It allows you to create your own Karaf distribution. The project downloads a Karaf standard distribution (in tar.gz and zip formats), unpack it, and create a new distribution.

The easiest way to use it is to use the interactive mode:

mvn archetype:generate -DarchetypeGroupId=org.apache.karaf.archetypes -DarchetypeArtifactId=karaf-assembly-archetype -DarchetypeVersion=2.2.5-SNAPSHOT

Bundle Archetype

If basically a bundle is a jar file with some special statement in the MANIFEST, the easiest way to create a bundle is to use the Felix maven-bundle-plugin.

Karaf provides an archetype which prepare a Maven project and provide a bundle Activator (a special callback class when the bundle start/stop).

To generate this project, simply type:

mvn archetype:generate -DarchetypeGroupId=org.apache.karaf.archetypes -DarchetypeArtifactId=karaf-bundle-archetype -DarchetypeVersion=2.2.5-SNAPSHOT

NB: I think that this archetype should be in Felix (as the same level as maven-bundle-plugin), I will propose a donation to the Felix community.

Blueprint Archetype

Blueprint is IoC approach applied to OSGi (it comes from Spring DM in fact). It allows you to avoid to write bundle Activator, ServiceTracker, etc.

Karaf provides a karaf-blueprint-archetype which prepare a Maven project including the maven-bundle-plugin, and a blueprint descriptor with a sample of OSGi service definition:

mvn archetype:generate -DarchetypeGroupId=org.apache.karaf.archetypes -DarchetypeArtifactId=karaf-blueprint-archetype -DarchetypeVersion=2.2.5-SNAPSHOT

NB: I think that this archetype should be in Aries (as it’s the blueprint implementation used in Karaf), I will propose a donation to the Aries community.

Feature Archetype

In Karaf, a feature is an application descriptor, defining all bundles, configurations/configuration files, others features. This features descriptor could be generated by hand (it’s my favorite way, and I guess the recommended one), we also provide a archetype which prepare a project to generate features file regarding the POM dependencies:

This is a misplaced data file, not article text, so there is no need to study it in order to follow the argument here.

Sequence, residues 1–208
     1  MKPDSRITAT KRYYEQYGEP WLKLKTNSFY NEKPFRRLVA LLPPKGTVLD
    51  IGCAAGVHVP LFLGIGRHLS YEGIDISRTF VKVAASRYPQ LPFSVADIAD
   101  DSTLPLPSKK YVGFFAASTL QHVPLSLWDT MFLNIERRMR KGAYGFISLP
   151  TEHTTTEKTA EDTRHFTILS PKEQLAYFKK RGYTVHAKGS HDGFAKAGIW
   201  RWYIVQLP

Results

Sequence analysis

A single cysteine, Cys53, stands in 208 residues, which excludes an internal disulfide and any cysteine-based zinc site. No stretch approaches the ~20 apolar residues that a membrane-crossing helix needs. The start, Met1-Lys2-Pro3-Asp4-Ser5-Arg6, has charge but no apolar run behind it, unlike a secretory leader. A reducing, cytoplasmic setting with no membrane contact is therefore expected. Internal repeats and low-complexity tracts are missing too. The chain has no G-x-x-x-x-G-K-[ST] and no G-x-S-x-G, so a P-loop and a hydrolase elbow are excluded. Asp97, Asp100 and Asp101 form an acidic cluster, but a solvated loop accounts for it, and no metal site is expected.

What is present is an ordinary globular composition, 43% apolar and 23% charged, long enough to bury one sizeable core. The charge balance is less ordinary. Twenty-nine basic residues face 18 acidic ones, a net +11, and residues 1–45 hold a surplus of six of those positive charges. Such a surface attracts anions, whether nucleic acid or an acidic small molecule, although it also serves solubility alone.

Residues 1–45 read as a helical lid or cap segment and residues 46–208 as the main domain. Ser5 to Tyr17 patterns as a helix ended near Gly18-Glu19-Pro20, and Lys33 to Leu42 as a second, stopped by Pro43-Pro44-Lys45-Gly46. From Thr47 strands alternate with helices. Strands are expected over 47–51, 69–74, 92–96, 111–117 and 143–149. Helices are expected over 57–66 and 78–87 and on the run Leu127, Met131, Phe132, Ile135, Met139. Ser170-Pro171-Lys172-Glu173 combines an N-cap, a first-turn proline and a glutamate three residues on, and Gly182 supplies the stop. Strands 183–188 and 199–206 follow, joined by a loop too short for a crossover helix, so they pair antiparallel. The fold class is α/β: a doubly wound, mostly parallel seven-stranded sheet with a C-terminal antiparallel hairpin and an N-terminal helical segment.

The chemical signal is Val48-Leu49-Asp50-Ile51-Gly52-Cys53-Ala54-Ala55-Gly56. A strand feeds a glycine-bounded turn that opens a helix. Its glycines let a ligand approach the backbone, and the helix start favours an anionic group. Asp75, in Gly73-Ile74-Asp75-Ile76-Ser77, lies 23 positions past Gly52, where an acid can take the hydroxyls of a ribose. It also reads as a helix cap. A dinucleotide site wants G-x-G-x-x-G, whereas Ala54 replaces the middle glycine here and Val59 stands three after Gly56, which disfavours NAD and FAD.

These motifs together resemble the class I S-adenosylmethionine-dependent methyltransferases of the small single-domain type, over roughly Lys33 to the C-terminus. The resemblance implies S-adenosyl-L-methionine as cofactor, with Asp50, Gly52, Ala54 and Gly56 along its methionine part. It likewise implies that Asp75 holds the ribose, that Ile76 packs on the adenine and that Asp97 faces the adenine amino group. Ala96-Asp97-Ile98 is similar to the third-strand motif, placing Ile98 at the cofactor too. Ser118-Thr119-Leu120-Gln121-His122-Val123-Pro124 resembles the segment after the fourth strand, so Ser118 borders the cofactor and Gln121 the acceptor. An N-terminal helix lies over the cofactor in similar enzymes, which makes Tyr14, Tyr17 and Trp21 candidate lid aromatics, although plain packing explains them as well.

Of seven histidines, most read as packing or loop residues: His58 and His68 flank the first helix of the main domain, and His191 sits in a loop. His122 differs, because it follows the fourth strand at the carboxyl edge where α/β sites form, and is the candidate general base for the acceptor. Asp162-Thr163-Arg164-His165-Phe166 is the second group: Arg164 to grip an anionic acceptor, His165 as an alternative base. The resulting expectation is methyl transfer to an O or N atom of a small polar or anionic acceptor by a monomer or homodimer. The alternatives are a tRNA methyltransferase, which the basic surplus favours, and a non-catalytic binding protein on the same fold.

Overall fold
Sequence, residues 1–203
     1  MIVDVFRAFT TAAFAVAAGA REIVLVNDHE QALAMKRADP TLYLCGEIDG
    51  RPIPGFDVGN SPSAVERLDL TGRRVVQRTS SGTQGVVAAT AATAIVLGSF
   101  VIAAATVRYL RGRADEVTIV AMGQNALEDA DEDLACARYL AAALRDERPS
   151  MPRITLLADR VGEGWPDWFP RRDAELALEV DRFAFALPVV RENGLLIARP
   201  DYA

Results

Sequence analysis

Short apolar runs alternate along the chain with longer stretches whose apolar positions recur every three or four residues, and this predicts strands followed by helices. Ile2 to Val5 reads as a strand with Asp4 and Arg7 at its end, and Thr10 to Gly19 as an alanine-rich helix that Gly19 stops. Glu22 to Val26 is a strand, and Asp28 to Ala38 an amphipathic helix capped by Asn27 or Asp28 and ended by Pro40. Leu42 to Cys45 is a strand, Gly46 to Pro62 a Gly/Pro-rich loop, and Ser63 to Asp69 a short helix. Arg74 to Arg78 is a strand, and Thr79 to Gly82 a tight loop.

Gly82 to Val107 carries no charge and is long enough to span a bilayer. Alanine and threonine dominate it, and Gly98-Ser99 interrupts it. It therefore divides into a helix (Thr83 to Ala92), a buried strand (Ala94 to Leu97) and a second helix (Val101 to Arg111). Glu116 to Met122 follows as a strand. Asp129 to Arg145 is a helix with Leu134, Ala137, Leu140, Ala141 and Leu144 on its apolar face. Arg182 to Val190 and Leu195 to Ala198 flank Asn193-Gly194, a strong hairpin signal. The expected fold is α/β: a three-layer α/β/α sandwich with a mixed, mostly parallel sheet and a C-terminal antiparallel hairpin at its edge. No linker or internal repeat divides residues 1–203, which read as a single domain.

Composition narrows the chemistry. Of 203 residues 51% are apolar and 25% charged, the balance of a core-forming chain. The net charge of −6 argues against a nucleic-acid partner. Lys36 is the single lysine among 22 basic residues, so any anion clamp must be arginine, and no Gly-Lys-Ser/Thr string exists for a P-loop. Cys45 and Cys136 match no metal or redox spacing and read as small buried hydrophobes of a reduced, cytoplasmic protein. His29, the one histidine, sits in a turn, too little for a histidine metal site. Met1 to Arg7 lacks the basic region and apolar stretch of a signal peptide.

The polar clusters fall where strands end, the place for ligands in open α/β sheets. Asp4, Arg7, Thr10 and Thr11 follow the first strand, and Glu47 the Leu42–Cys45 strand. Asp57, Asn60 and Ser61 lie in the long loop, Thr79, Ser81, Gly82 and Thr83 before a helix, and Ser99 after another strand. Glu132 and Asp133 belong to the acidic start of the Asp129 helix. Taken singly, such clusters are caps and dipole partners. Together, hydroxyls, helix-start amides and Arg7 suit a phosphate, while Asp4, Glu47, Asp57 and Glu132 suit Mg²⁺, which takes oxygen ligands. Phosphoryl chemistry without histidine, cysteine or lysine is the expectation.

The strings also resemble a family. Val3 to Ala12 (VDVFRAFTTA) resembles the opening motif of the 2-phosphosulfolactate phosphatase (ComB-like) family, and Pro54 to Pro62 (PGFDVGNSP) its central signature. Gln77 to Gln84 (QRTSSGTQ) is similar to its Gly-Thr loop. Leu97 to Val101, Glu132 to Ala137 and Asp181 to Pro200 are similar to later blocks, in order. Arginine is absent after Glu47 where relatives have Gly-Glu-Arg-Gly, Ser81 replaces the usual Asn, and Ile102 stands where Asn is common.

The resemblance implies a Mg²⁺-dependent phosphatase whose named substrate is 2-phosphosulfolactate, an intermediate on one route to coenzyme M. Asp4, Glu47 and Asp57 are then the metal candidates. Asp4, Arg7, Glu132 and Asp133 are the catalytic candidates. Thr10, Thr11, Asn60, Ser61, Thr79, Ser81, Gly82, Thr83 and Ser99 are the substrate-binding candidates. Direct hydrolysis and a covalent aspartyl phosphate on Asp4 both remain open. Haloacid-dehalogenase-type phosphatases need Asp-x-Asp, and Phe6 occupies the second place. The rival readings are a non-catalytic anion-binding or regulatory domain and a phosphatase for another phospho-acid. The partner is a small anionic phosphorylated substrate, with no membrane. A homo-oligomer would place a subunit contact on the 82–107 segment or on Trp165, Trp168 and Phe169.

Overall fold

mvn archetype:generate -DarchetypeGroupId=org.apache.karaf.archetypes -DarchetypeArtifactId=karaf-feature-archetype -DarchetypeVersion=2.2.5-SNAPSHOT

Kar Archetype

We saw in my previous post a new goal of the features-maven-plugin to create a kar file starting from a features XML. A KAR file is a zip file containing the features XML and all its dependencies.

We also provide an archetype to prepare a Maven project containing a features XML and generate a KAR file:

mvn archetype:generate -DarchetypeGroupId=org.apache.karaf.archetypes -DarchetypeArtifactId=karaf-kar-archetype -DarchetypeVersion=2.2.5-SNAPSHOT

Pax-Web Archetypes

We also add several archetypes in Pax Web to deal with the web bundle. Charles talk about wab-gwt archetype in his last blog entry (, but I added also two others.

Web Bundle Archetype

The Web Bundle Archetype create a “special” bundle containing web resources and statements. It creates a Maven project with webapp resources and WebApp Context in the POM:

mvn archetype:generate -DarchetypeGroupId=org.ops4j.pax.web.archetypes -DarchetypeArtifactId=wab-archetype -DarchetypeVersion=1.1.2-SNAPSHOT

War Archetype

We also provide an archetype to create a Maven project which generate a standard war (that you can deploy “outside” of OSGi) but including OSGi statements in the MANIFEST (which allows you to use OSGi values):

mvn archetype:generate -DarchetypeGroupId=org.ops4j.pax.web.archetypes -DarchetypeArtifactId=war-archetype -DarchetypeVersion=1.1.2-SNAPSHOT

Camel Archetypes

Camel also provides a set of very useful archetypes, especially:

  • camel-archetype-blueprint to generate a Maven project with a blueprint XML in which you can define your routes
  • camel-archetype-component providing a template to create your own Camel component
  • camel-archetype-dataformat providing a template to create your own Camel data format
  • camel-archetype-java providing a template with a class in which you can define your routes
  • camel-archetype-spring to generate a Maven project with a Spring XML in which you can define your routes

For instance, to create a Camel blueprint Maven project, simply type:

mvn archetype:generate -DarchetypeGroupId=org.apache.camel.archetypes -DarchetypeArtifactId=camel-archetype-blueprint -DarchetypeVersion=2.9-SNAPSHOT